I completely agree with Christina Sormani. Here’s the problem: it’s a bait and switch. If you are at a math conference, and you are talking to people, you are at one of the few places where you might find people to collaborate with on mathematics; finding good collaborators can be incredibly important to your ability to do good mathematics; you have only limited time to meet people, learn about their work, and figure out if you are intellectually compatible. Anyone who seems to be playing this game, and then turns around and asks you on a date, is actually saying: well actually, the reason I spent time talking to you was for a completely different reason; I am interested in you romantically. I am either not interested in whether we are compatible as intellectual collaborators (though you thought I was) OR I am, but I am also already willing to hugely complicate any possible relationship we might have as intellectual collaborators, depending on how the romantic interest stuff goes. Can someone manage to convey the correct amount of open-ness/closed-ness to math encounters they are feeling simultaneously with the right open-ness/closed-ness to romantic encounters they are feeling in the same set of conversations so that everyone feels comfortable, happy, and not blindsided?? In theory I suppose it is doable, but it requires advanced levels of social savvy, and most of us math geeks and math nerds just are not known for that skill set.

      If you are smart enough to doubt your ability to pull off the ambiguity gracefully, then the nicest thing to do at a math conference is to assume that the other person is talking to you because they want a math collaboration, not because they want a romantic relationship. Then you can concentrate on math, without worrying about flirting and they can be enthusiastic, without worrying that you might think they are leading you on romantically. If you meet someone at a conference who you want to date, then think through the following: do I already have a math/intellectual relationship or a potential math/intellectual with them that I will potentially be comprimising? If so, this is a complicating step. Be aware of it, and try to mitigate the consequences of them turning you down. If not, then go ask them on a date! But maybe do it in private, or at a social event after the conference, etc.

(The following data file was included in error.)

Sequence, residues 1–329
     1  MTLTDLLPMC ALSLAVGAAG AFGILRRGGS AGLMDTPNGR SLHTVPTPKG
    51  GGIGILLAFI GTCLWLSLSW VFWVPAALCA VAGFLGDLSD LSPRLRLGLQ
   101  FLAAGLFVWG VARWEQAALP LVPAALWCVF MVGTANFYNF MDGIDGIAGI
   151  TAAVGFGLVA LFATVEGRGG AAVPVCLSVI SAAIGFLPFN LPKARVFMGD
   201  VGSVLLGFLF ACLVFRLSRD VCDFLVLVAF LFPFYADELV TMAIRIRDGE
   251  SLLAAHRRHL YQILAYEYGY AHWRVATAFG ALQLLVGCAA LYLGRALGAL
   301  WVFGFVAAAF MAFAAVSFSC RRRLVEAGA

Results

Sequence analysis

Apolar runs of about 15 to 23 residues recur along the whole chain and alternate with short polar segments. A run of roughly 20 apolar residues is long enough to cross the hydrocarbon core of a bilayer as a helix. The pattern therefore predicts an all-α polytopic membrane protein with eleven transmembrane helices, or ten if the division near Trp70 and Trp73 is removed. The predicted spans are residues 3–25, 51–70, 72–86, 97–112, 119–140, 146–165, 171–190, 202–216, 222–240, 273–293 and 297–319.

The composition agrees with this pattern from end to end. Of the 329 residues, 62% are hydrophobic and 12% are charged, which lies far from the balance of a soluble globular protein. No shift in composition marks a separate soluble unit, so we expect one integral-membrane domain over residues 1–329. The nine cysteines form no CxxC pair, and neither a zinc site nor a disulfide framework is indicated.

Hope this helps!!


  4. My Two Cents
    October 10, 2015 at 2:53 pm

    It seems pretty easy to understand to me. Some (many? most?) people prefer to have certain times and places to be free of all the extra social layers which go along with the possibility of romantic relationships. If I’m at a math conference, the DMV, H&R Block, etc. I’m interested in the business at hand and have no interest in worrying about subtext. It seems reasonable to me to expect everyone at a math conference should be viewed as a fellow mathematician. Full stop.